Where Open Data meets Linked Data, we have Linked Open Data.
The Linked Open Data movement has experienced exponential growth in term of published data sets. Within four years, the number of published data sets has grown from 12 to 295.
The most popular and emblematic diagram about Linked Open Data is the “cloud diagram” made by Richard Cyganiak and Anja Jentzsch. They are maintaining and releasing a diagram showing all the published data sets, with their sizes and inter-links. The diagram is automatically sketched using the CKAN API to get JSON for each of the data sets and then manually clustered and colored by their characteristics.
Dataset Quality in the Linked Data Web
As the open data movement gains momentum worldwide, the community faces the need for a set of metrics to estimate the quality of different datasets as reliable dataset quality is a crucial aspect for a long-term success and sustainable data re-usage.
A pragmatic and informal set of metrics have been introduced by Tim Berners-Lee, inventor of the Web: the 5 Stars of Linked Open Data. Basically, it’s a set of incremental characteristics that published data sets should have. The more of these features a data set has, the higher the quality of its data.
One star – make your stuff available on the Web (whatever format)
Two stars – make it available as structured data (e.g. Excel instead of image scan of a table)
Three stars – non-proprietary format (e.g. CSV instead of Excel)
Four starts – use URLs to identify things, so that people can point at your stuff
Five stars – link your data to other people’s data to provide context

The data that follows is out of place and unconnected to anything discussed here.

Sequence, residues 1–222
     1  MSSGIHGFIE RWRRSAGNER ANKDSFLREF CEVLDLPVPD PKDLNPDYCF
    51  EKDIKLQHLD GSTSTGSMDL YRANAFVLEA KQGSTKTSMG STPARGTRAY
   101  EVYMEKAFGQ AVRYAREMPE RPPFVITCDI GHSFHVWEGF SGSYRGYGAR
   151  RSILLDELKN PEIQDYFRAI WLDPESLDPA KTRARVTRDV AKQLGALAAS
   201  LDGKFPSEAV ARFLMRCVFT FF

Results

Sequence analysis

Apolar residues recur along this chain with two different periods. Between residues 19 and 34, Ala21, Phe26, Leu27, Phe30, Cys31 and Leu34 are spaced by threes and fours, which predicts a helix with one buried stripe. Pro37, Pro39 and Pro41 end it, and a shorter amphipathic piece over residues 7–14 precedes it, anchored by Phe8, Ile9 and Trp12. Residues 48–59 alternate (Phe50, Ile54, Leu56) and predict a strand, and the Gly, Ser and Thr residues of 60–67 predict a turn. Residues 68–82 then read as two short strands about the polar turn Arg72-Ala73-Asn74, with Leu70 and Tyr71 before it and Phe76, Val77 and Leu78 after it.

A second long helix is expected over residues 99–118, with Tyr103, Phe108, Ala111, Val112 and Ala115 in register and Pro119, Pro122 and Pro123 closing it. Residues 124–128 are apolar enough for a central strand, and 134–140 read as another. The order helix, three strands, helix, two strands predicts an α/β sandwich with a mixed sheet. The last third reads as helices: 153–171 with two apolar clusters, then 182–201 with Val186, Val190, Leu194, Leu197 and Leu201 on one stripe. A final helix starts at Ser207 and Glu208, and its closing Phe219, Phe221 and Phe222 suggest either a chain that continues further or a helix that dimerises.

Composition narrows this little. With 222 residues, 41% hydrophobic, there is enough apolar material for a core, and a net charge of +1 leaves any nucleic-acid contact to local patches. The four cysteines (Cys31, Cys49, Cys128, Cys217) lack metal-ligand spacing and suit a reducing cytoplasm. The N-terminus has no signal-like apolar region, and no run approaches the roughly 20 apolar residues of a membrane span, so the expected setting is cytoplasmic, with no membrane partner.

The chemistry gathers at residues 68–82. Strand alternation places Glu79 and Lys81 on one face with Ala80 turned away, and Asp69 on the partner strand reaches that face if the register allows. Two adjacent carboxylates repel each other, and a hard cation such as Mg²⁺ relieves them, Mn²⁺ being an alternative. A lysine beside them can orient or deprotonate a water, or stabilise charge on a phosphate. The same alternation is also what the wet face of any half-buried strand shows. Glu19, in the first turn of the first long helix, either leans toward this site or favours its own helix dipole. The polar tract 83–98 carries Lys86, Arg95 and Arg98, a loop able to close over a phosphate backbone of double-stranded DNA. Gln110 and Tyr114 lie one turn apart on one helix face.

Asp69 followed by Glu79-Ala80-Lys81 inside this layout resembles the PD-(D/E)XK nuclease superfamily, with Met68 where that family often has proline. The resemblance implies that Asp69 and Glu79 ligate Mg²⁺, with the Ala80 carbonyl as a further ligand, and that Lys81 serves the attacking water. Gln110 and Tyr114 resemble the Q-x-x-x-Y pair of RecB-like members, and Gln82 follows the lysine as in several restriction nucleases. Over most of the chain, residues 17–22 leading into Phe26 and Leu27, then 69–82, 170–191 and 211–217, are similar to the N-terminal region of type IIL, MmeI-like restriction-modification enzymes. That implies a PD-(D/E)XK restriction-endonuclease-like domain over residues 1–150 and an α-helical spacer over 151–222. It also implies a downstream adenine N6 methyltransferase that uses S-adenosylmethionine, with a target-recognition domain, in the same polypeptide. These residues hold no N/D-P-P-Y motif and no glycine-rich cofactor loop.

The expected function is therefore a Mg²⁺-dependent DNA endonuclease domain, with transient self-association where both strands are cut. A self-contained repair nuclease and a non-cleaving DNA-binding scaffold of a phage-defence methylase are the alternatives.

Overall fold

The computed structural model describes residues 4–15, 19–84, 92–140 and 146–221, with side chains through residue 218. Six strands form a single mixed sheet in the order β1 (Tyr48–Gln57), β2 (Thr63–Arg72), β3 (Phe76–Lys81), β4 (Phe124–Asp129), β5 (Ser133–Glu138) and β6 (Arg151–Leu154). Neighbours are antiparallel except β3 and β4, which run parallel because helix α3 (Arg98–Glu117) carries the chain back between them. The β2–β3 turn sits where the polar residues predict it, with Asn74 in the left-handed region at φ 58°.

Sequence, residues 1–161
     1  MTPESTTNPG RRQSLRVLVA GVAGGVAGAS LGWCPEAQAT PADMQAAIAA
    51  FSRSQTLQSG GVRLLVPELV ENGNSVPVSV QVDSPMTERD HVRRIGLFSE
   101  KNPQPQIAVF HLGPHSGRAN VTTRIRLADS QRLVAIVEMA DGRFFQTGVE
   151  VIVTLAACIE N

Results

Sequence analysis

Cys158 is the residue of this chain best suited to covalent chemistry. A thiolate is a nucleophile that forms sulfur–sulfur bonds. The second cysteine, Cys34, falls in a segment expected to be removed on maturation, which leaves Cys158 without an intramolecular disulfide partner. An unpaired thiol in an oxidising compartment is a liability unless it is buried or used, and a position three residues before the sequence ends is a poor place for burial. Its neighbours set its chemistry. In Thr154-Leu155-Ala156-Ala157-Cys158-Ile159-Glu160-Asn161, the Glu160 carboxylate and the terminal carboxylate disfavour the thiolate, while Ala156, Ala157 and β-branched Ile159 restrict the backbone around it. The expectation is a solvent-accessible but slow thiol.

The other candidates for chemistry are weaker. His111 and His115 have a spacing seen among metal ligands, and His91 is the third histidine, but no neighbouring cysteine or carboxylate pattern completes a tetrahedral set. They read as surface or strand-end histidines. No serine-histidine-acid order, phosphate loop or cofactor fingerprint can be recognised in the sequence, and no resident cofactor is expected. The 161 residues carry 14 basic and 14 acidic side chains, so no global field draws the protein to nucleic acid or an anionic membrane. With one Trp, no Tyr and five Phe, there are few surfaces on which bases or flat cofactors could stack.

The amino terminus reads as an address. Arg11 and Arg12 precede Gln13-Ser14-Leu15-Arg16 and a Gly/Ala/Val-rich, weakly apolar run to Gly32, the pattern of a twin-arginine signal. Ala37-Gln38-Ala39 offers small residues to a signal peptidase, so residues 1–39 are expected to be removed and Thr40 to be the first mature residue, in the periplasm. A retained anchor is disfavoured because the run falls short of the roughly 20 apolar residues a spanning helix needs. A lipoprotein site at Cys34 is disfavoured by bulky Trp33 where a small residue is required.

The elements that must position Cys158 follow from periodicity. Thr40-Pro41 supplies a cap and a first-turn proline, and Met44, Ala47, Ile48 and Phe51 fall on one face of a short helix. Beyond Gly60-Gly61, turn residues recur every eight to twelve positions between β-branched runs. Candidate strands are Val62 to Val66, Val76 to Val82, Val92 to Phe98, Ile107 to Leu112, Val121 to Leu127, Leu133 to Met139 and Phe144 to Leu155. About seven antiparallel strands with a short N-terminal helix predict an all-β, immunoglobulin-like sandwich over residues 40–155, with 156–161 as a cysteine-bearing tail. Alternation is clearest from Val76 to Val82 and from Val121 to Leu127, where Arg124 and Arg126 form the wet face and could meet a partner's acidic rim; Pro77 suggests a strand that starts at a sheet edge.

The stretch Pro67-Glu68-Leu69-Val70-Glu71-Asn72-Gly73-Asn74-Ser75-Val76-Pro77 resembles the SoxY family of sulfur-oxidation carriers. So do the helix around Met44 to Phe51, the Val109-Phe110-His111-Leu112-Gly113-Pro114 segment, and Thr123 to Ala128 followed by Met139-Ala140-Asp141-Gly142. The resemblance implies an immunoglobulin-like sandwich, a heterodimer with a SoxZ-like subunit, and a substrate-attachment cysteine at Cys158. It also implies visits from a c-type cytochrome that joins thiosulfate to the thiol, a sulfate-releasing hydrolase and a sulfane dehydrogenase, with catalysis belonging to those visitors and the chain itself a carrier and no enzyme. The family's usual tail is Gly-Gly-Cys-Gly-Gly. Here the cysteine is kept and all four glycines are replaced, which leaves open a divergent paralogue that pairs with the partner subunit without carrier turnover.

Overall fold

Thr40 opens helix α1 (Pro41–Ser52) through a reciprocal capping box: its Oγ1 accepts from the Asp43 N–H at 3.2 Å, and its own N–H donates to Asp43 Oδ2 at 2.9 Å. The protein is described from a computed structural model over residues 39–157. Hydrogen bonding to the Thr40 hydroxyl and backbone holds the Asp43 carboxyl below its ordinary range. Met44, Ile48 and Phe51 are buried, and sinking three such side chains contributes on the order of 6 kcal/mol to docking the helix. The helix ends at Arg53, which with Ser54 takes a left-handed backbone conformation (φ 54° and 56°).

Data published in accordance to the Linked Data principles is clearly 5 Star quality. 5 Star datasets are intrinsically more valuable because the data within has been made accessible through the Web (so you can get at it), has been exposed with open standards (so its easily consumable), and has been linked to other data (so it’s verifiable and more easily integrated). The combination makes application development absolutely more cost-efficient and less time-consuming compared to using less quality datasets.
Conclusion: From the Web of Data to the Web of Things
Looking at the growing rate of Linked Data we can bet on its having a bright future. Linked Data is the new de-facto standard for data publication and interoperability on the Web and is moving into enterprises as well. Big players such as Google, Facebook and Microsoft, already adopted some of the principles behind it. The Open Graph Protocol and Schema.org are somehow proving that linking data on the Web is the new strategy to grab structured data into their own platforms.
Relying on semantic markup technologies, such as Microformats, Microdata, and RDFa—which all allow structured data to be embedded in traditional HTML pages—millions of pages containing structured data are popping out on the Web. And all this data can be linked and consumed according the Linked Data principles.
The far future is even more promising. Think for a moment about the growth of mobile devices and the rising pervasiveness of connected devices. The next Web will be about connecting every device or tangible thing in our world.
In this scenario, often referred as the “The Internet of Things”, the Linked Data paradigm is well positioned to play a strategic role as a pillar of the whole new Internet infrastructure. URIs could be used to uniquely identify real World objects, RDF could be used as a standard way to syndicate data about them and, most importantly, the interlinking could be used to represent objects interactions and relationships with other surrounding objects.